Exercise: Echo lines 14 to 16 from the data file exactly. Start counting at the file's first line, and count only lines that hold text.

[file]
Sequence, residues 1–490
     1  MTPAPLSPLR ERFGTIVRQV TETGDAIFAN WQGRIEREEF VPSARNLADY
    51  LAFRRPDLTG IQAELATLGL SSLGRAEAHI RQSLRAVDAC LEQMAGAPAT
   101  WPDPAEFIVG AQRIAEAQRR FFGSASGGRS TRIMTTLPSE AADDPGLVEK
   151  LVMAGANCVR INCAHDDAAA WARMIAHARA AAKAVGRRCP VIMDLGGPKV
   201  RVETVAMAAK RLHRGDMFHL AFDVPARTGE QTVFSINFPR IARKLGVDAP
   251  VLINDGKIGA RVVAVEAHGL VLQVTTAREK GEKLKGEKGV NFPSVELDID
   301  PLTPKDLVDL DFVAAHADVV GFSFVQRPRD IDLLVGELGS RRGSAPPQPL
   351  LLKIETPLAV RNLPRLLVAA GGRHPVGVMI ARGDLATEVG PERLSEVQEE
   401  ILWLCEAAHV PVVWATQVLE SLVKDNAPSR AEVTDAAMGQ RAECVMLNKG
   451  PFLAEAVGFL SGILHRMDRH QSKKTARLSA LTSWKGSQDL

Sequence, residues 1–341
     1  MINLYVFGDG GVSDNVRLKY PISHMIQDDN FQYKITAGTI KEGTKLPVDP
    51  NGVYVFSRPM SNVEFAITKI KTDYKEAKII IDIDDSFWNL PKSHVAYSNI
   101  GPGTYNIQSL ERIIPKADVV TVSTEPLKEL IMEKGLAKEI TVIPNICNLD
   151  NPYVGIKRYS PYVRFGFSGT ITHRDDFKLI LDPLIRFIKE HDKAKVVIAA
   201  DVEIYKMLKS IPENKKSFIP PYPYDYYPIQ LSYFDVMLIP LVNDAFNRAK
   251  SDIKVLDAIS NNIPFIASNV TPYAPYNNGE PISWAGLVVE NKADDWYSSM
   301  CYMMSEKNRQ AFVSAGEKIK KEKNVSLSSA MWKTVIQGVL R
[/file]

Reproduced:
    51  NGVYVFSRPM SNVEFAITKI KTDYKEAKII IDIDDSFWNL PKSHVAYSNI
   101  GPGTYNIQSL ERIIPKADVV TVSTEPLKEL IMEKGLAKEI TVIPNICNLD
   151  NPYVGIKRYS PYVRFGFSGT ITHRDDFKLI LDPLIRFIKE HDKAKVVIAA